順天堂グローバル教養論集_第二巻_2017年3月(ISSN2424-0001)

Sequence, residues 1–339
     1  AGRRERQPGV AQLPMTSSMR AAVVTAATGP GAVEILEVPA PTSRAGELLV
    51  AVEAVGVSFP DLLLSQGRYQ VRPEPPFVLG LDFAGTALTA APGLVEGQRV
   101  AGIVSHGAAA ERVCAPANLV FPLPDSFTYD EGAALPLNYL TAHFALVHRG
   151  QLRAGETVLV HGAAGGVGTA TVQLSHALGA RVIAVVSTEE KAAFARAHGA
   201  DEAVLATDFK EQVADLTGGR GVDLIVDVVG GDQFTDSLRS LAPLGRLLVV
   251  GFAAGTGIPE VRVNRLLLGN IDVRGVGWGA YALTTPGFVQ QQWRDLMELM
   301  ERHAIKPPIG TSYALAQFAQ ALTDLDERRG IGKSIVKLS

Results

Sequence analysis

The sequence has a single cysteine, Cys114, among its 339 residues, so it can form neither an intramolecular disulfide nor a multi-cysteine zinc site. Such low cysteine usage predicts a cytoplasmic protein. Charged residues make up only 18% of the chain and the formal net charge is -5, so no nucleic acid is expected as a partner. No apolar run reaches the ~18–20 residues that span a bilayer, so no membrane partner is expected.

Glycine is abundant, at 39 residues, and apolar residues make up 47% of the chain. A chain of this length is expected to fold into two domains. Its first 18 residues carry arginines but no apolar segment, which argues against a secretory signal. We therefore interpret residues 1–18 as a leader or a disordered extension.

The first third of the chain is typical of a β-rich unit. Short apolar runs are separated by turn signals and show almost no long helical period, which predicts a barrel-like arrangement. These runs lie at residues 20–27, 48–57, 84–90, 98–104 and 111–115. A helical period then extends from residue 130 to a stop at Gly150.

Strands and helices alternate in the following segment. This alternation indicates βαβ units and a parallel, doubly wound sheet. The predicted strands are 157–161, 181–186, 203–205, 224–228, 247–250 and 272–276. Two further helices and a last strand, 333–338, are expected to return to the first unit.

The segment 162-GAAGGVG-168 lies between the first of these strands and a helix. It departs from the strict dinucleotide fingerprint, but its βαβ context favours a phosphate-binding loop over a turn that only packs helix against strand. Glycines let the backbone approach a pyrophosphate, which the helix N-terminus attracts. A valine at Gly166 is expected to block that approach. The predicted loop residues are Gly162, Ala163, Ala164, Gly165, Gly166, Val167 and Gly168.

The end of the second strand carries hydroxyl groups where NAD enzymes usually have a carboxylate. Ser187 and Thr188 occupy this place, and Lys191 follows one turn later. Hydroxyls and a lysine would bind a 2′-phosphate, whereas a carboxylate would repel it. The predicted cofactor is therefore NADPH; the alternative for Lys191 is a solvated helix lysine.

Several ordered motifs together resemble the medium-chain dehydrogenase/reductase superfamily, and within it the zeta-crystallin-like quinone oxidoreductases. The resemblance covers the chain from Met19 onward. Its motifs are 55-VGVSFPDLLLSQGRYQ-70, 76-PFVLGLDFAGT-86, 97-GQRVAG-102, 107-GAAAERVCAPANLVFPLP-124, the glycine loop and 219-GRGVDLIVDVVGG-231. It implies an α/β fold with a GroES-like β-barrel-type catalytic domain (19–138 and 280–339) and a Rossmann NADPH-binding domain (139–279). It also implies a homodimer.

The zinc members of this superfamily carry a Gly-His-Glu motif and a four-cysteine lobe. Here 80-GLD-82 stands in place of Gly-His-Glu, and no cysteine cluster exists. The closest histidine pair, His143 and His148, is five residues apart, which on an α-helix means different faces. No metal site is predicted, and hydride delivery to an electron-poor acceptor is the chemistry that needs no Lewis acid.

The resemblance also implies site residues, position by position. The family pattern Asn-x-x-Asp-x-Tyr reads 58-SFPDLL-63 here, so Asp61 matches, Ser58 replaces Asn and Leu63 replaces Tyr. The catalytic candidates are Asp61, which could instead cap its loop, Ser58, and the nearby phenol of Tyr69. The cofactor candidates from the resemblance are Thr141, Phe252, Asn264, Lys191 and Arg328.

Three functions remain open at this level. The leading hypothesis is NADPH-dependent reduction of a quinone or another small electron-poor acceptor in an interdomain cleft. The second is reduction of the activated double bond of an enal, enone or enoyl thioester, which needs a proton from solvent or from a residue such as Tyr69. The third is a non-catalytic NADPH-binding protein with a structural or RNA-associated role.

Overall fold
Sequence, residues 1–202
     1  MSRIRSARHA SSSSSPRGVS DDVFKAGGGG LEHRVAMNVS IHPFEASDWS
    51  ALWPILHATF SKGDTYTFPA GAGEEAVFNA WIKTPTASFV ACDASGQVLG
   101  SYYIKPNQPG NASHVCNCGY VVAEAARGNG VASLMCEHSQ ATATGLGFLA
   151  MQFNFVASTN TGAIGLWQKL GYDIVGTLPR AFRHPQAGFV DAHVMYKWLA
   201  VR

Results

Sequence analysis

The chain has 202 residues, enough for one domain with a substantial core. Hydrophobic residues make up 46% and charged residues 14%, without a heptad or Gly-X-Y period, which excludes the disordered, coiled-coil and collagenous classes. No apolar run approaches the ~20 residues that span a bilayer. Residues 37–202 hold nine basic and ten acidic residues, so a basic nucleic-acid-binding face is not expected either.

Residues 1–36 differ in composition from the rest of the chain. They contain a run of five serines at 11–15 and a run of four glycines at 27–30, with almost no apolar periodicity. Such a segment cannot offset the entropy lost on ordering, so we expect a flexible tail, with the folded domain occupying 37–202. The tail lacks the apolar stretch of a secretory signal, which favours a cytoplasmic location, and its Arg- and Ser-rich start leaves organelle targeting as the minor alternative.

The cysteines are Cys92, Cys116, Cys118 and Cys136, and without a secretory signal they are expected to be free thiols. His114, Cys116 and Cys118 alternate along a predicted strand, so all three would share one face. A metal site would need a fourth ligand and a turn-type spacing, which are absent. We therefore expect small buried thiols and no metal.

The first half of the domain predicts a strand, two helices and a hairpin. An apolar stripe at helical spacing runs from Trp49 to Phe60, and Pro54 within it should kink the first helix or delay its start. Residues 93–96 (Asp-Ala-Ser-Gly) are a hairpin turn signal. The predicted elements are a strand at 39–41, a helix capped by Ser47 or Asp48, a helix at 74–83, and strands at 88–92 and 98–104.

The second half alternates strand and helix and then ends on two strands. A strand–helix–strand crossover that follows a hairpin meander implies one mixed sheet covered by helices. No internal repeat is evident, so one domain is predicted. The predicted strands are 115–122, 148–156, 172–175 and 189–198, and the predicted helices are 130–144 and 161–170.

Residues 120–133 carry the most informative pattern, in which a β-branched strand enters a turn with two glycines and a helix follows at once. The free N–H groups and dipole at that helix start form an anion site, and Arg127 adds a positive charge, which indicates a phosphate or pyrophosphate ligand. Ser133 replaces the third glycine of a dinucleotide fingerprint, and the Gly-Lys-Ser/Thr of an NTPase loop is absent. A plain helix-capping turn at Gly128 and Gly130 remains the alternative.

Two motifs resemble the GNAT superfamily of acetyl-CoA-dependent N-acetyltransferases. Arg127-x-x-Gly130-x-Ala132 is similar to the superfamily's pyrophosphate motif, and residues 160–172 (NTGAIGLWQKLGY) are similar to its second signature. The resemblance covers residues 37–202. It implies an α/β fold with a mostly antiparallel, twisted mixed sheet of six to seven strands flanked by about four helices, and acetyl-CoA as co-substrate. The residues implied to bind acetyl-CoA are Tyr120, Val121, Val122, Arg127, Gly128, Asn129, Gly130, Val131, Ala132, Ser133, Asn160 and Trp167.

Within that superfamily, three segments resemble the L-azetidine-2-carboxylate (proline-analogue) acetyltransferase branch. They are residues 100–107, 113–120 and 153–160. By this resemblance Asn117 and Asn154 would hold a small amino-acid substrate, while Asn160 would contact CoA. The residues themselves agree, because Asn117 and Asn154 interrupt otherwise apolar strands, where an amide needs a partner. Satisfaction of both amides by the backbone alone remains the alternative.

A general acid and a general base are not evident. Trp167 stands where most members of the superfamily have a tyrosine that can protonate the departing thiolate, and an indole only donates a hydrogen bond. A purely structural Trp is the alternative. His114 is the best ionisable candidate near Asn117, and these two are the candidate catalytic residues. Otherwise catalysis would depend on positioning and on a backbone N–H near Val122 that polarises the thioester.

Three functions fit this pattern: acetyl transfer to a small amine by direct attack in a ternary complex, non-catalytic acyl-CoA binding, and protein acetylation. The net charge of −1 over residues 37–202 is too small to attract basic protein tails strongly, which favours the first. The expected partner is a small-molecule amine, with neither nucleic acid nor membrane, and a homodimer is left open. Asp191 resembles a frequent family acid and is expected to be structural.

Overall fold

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68Juntendo Journal of Global Studies, Vol. 2, (2017)learning. There will be a particular focus on the pre-diction that negative feelings towards language learning engender negative value judgments on the part of learners. In effect, learners often blame themselves for perceived failures with English learning. The pervasive nature of resistance is ar-gued to reflect both the psychological difficulty, and transformative potential, inherent in language learn-ing.3. Resistance and cross-cultural adjustment As used in this work, the term resistance origi-nates in the deep culture model of intercultural ad-justment. Shaules (2007, 2010) has argued that neg-ative reactions to encounters with cultural difference are a natural part of the cross-cultural adjustment process. He describes resistance as a “cognitive self-protection reflex” and “a defensive reaction that seeks to maintain the primacy of one’s internal configuration in the face of an environment per-ceived as threatening,” (Shaules, 2014, p. 83). The notion of resistance has its roots in a developmental view of intercultural understanding (Bennett, 1986, 1993; Hammer, Bennett, & Wiseman, 2003). In this view, ethnocentrism, as a product of human evolu-tionary psychology, is the normal starting point for cross-cultural encounters. As such, although it’s not desirable, it is natural. Shaules (2016) has argued that dealing with the adaptive demands of foreign cultural environments broadly parallels the adjustment demands of learn-ing a foreign language. Drawing upon recent find-ings in cognitive and linguistic neuroscience, he ar-gues that language learning and intercultural adjustment can be conceived of as parallel processes that involve a reconfiguration of cognitive systems. According to this view, foreign language learning imposes adaptive demands on learners, necessitating profound and potentially disturbing changes to pat-terns of cognition. The need to change deeply rooted patterns of cognition triggers the defensive psycho-logical response of resistance. From this perspec-tive, negative attitudes towards English learning represent not a failure on the part of the students, but a natural psychological response to the patterns of foreignness being imposed on them. 4. Resistance and linguaculture The notion of resistance is consistent with a lin-guaculture (or languaculture) view of language learning―the idea that language use is intimately tied to deeply-rooted cultural values, sense of self, and patterns of cognition (Agar, 1994; Diaz, 2013; Risager, 2015). Learning a new language requires much more than mastering a new linguistic code, it involves negotiating a new sense of self in intercul-tural contexts, and gaining awareness of cultural el-ements of the self and others (Byram, 2008; Byram, Nichols, & Stevens, 2001; Kramsch, 1993, 2000, 2015). Building on this, Shaules (2016) has pro-posed a Developmental Model of Linguaculture Learning (DMLL), which places language learning and the process of gaining increased intercultural understanding into a single developmental frame-work. In this view, just as going to a foreign country puts adaptive pressure on a sojourner―possibly provoking culture shock or intercultural insights―a foreign language also challenges learners with for-eign ways of thinking, acting and being. While the term resistance has previously been ap-plied to the challenges of intercultural adjustment, this work seeks to expand that conceptualization to language learning contexts as well. This work pro-poses that negative attitudes towards language learning are fundamentally similar to the psycholog-ical resistance provoked by intercultural experi-ences. They both involve a threat response that can be triggered by an encounter with foreign patterns in one’s environment. This is true even when there is no clearly defined cultural community for the L2,

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